Dresden Facts and History
Dresden is a city in Germany and the capital of the state of Saxony. It lies on the Elbe River, 20 miles (30 km) from the Czech Republic border and 100 miles (160 km) southeast of Berlin. Almost completely destroyed by bombing in World War II, it has since been rebuilt. Today Dresden is a manufacturing center of great importance and one of Germany's largest cities. It is an important railroad junction for Saxony and is closely linked with Berlin and Prague. The Elbe is navigable for barges of medium size and the traffic on it is considerable. The river also links Dresden to an inland waterway network that connects the city to Hamburg and extends into the Czech Republic.
Dresden's somewhat belated development as a center of manufacturing industry in the 19th century was assisted by the dense population and large market in the Saxon plain, by the ease of land transportation, and by the navigability of the Elbe. The vicinity of the city, however, is lacking in most of the raw materials and fuels necessary for modern industry. The coalfields of the nearby Erzgebirge are very small, and heavy industry is almost completely absent from the city.
Instead, manufacturing is centered on goods to which skilled labor contributes the chief value. Foremost among these are precision-engineered products, cameras, and optical equipment. Other industries include the manufacture of electronic equipment, fine-quality printing, and food processing. Much of Dresden's industry lies along the Elbe Valley, to the east and west of the city proper, where transportation by river, road, and rail is most highly developed.
As the capital of the duchy and later the kingdom of Saxony, which was one of the more important of the German principalities, Dresden was a flourishing artistic center. In the early 18th century the manufacture of fine porcelain was established at Meissen, 12 miles (19 km) to the north, and much of the product was marketed in the city as "Dresden" china. The painter Bernardo Bellotto was engaged as court artist by the king of Saxony in the 18th century and left a collection of pictures of the city. Dresden was also a major center of music and drama, and its opera was one of the most renowned in Europe. The Saxon kings contributed greatly to the planning and embellishment of the city that earned it the reputation of being the "Florence of the Elbe."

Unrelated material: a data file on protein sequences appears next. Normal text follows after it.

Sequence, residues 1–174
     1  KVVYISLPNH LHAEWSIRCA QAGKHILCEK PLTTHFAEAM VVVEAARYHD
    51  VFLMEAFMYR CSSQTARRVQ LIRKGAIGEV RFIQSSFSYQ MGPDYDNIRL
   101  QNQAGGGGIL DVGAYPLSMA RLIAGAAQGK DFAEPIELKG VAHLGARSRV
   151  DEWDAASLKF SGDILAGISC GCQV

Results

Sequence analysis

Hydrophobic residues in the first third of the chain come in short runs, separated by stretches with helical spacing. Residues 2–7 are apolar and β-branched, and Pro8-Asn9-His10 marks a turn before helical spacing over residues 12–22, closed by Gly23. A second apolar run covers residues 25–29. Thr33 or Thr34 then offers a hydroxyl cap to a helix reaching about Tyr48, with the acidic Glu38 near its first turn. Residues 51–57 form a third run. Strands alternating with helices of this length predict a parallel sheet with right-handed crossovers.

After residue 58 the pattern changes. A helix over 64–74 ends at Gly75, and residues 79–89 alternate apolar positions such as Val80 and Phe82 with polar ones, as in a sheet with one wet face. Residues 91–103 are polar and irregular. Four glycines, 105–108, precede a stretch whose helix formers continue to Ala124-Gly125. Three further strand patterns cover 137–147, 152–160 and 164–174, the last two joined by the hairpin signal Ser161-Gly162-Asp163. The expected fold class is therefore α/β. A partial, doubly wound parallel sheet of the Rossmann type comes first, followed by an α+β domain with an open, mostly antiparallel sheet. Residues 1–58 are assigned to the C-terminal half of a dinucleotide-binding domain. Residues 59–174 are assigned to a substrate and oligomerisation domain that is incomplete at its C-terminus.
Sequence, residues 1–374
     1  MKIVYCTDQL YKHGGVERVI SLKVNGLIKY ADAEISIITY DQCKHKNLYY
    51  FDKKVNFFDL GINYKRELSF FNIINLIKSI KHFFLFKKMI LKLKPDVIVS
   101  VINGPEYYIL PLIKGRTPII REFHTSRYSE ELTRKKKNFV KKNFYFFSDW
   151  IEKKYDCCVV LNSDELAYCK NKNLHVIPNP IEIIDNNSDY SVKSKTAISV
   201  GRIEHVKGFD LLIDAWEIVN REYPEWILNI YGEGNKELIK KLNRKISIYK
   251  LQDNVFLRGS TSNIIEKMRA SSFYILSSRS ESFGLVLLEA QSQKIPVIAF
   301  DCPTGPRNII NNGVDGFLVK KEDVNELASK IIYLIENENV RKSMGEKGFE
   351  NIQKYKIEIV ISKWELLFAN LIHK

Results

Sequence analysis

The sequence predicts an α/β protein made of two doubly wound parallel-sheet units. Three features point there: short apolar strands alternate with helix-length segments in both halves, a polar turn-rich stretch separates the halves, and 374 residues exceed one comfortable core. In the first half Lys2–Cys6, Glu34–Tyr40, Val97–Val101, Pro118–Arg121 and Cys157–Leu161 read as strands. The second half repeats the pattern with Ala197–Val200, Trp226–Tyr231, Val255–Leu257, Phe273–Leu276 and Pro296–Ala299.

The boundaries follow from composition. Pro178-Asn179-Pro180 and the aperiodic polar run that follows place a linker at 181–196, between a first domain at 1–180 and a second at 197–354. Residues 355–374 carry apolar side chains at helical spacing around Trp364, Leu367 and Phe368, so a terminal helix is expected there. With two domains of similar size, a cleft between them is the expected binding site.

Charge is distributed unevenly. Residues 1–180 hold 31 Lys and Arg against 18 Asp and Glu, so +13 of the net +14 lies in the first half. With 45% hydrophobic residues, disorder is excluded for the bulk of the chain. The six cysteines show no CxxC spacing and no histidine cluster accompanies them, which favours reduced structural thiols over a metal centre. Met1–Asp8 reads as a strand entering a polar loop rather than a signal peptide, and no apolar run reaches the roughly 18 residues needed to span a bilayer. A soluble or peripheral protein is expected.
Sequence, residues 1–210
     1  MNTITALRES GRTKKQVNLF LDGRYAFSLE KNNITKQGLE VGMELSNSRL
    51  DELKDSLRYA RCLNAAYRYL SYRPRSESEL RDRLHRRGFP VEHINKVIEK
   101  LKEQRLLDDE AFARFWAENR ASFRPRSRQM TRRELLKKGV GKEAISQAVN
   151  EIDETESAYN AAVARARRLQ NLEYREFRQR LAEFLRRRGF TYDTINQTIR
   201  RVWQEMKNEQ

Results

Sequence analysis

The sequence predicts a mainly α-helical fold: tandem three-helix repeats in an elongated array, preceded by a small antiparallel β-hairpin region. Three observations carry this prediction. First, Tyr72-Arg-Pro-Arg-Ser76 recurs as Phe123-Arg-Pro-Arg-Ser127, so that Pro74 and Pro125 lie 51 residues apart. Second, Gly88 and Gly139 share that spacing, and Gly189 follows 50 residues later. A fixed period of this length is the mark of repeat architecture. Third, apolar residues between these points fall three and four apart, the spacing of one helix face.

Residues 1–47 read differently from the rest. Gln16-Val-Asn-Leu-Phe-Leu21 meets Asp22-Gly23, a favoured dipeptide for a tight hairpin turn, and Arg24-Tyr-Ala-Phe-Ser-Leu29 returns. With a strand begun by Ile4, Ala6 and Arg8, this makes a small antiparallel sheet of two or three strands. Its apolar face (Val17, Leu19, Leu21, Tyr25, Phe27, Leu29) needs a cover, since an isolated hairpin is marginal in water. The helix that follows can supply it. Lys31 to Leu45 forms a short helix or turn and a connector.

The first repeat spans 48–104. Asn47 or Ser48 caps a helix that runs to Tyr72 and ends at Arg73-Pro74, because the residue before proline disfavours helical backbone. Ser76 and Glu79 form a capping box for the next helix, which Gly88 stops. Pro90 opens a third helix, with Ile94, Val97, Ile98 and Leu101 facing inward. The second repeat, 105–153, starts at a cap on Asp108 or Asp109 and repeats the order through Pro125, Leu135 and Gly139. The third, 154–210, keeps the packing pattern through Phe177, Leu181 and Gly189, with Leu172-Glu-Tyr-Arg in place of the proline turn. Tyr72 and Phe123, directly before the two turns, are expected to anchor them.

The city as it existed until it was almost totally destroyed by bombing in 1945 was largely the creation of the 18th and 19th centuries. On the south bank of the Elbe lay the Altstadt, or Old City, an area of prevailingly baroque character. The Altstadt was noted for the number of its baroque churches, very few of which survived the bombing, and for the rococo Zwinger, which was built as the forecourt of a palace. It underwent restoration after the war and houses one of the world's finest collections of porcelain as well as a superb collection of pewter. It also houses several scientific museums that cover interests as varied as zoology, mineralogy, and mathematics. Restored and reopened in 1960, the Semper Gallery is also a part of the Zwinger. The gallery contains some of the world's finest paintings; chief among the large numbers of works by Italian, Flemish, and Dutch masters is Raphael's Sistine Madonna.
The palace of the Saxon kings, which stood beside the Elbe, was greatly altered in the late 19th century and was extensively damaged in World War II. Today most of the ruins of the Altstadt have been cleared; very wide streets have been laid out, flanked by multistoried blocks of offices and apartment houses. The new architecture in the Old City is functional but plain to the point of ugliness.
The New City lies north of the river. It developed in the 19th century into an important residential and industrial suburb. At that time Dresden also expanded southward into the low hills that border the Erzgebirge.
Dresden was founded early in the 13th century, by German settlers from the west, on the site of a Slav village. It guarded an important crossing of the Elbe and grew into a small commercial town during the Middle Ages. Dresden belonged at first to the margraves of Meissen; it was then occupied in turn by the kings of Bohemia and the margraves of Brandenburg but was ultimately incorporated into Saxony. It was Saxony's capital from the 16th century until 1871, when Saxony ceased to be a separate political entity. Dresden's strategic position on the Elbe caused it to play an important role in many military campaigns, and the city was severely damaged on several occasions prior to its near-destruction in World War II.
Dresden experienced its most severe bombing during World War II on the nights of Feb. 13–14, 1945, when approximately 800 American and British aircraft blanketed the city with bombs. Although the February raids were the most severe, bombing of the city continued until the middle of April.